Abbie isn’t even bothering to hide how she feels about Katrina anymore, and she shouldn’t. Someone has to talk some sense into Ichabod. At least the two of them are as cute as ever, bantering about name dropping founding fathers. Unless the writers have been planning this from the start, it’s a coincidence that Abbie shares her name with Abigail Adams, but it works to give Katrina the chance to call Abbie “your own Abigail.” She really is. When Katrina and Ichabod clasp hands before entering the painting, they both promise, “For Abigail.” I think they’re talking about two different people. Ichabod even brags on Abbie to Katrina after Abbie saves them. He seems to know that his relationship with his partner is so much more functional than his relationship with his wife; he just doesn’t know what to do about it.

What did you think of the episode?

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11 Responses to “SLEEPY HOLLOW Recap: ‘Pittura Infamante’”

  1. flo on January 20th, 2015 11:33 am

    I also picked up that he said “Our world” referring to him and Abbie again. I think the writer knew what she was doing there. Definitely picked up on Ichabod enjoying spending time with Abbie more.

  2. Bianca on January 20th, 2015 5:23 pm

    What’s w the constant Hawley hate everywhere? It’s not like he’s done anything to deserve it.

    You are completely right about Tom Mison. He’s got chemistry with everyone and everything. Just look at those fingers! They have their own chemistry with the air around them!

  3. Sandra on January 20th, 2015 9:23 pm

    Why the harping on the Cranes again? They do have chemistry and it’s seen in the few intimate scenes they’ve been able to share. It was refreshing to see Katrina as an actual character and her banter with her husband over the card was very natural. I think people concentrate so hard on their own Abbie fixation that they miss the purity of the Katrina/Crane relationship.. I am disappointed that they are using the Abbie character as judge and jury here when her character has been suspect ever since she lied, throwing her own sister to the lions and distancing herself, leaving Jenny to fend for herself. She has also neglected to let Crane in on the witness revelation the angel disclosed to her. And she kept the charm. The witness role is a fixation for her to the exclusion of anything else and it’s making her hard and inflexible toward anyone and anything around her.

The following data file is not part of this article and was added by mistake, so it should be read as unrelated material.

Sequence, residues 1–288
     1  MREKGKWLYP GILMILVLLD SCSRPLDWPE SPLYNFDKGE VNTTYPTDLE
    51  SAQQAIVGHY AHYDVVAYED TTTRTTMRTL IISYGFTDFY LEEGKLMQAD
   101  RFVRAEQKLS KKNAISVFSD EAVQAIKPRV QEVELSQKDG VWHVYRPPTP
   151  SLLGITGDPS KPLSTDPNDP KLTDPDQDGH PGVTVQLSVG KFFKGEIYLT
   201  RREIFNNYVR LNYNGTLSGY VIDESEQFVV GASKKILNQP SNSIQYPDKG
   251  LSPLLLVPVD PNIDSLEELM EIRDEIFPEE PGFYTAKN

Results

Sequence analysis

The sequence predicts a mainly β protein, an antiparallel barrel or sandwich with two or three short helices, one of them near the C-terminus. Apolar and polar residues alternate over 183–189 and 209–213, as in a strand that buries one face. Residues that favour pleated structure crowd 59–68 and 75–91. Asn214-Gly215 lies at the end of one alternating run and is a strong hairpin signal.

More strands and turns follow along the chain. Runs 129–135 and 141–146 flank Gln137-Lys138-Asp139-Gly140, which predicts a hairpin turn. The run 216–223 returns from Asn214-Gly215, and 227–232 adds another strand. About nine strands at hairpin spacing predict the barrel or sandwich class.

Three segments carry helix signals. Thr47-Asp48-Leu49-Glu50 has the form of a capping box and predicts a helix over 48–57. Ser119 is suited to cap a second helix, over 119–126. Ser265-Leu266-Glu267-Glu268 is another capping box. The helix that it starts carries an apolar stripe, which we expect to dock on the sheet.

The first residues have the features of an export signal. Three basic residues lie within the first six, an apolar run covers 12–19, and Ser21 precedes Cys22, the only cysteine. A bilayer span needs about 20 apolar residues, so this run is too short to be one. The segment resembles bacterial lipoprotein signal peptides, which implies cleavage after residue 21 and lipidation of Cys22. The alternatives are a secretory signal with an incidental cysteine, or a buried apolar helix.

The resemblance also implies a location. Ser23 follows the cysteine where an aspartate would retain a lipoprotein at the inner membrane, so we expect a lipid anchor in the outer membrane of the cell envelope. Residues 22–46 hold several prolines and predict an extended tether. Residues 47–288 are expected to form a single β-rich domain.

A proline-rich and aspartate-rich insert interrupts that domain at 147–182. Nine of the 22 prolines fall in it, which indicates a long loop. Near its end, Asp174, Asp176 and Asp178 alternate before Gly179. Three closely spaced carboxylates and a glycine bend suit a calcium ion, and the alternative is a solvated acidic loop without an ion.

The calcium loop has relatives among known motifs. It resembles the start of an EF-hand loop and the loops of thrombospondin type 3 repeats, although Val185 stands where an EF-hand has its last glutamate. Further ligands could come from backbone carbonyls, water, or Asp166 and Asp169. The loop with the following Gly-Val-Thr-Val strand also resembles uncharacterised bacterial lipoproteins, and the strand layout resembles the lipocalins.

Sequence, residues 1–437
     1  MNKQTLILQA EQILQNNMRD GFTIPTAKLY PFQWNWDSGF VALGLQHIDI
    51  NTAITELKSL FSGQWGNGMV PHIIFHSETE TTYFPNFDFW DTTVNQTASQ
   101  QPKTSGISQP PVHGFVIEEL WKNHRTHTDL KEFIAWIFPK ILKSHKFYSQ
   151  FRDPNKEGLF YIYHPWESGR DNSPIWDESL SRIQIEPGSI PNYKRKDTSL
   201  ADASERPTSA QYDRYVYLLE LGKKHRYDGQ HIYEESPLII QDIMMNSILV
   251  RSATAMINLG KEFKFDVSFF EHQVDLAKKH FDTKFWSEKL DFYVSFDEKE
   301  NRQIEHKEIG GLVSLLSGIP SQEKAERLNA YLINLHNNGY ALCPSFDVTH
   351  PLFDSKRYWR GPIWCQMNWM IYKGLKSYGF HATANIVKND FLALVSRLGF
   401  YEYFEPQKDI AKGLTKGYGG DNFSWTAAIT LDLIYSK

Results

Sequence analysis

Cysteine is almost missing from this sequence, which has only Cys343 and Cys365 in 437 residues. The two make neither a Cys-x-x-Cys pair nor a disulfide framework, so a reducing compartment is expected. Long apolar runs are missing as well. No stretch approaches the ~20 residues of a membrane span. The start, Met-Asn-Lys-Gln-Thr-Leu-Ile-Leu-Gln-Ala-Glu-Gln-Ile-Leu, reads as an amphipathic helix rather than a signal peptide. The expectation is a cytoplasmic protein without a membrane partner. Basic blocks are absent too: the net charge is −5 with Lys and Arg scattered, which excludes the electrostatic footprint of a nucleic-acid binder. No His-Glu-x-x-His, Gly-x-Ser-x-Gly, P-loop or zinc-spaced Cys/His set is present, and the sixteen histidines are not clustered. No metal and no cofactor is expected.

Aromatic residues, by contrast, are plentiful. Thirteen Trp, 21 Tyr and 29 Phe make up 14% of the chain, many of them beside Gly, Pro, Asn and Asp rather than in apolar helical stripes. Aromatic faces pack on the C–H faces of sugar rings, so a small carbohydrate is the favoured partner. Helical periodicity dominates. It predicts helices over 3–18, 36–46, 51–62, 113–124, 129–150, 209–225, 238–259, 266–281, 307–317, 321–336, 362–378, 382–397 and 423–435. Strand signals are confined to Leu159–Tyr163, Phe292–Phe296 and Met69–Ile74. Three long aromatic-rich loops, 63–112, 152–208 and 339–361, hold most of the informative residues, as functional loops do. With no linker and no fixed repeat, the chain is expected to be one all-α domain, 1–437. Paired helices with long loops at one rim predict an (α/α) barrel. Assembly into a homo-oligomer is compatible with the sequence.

It was a fantastic episode and a great breakout for Katia Winter. To say anything less is disingenuous.

  4. Donna on January 21st, 2015 1:39 pm

    Did you really think this episode established that Ichabod and Katrina were back together? I guess it remains to be seen, but I didn’t get that. I thought their last scene together almost felt like a breakup. Both sad, Ichabod saying they would “find a way of being. Together.” Not find a way of “being together,” but rather, TOGETHER they would each find a way of being in the 21st century. But not necessarily as a couple.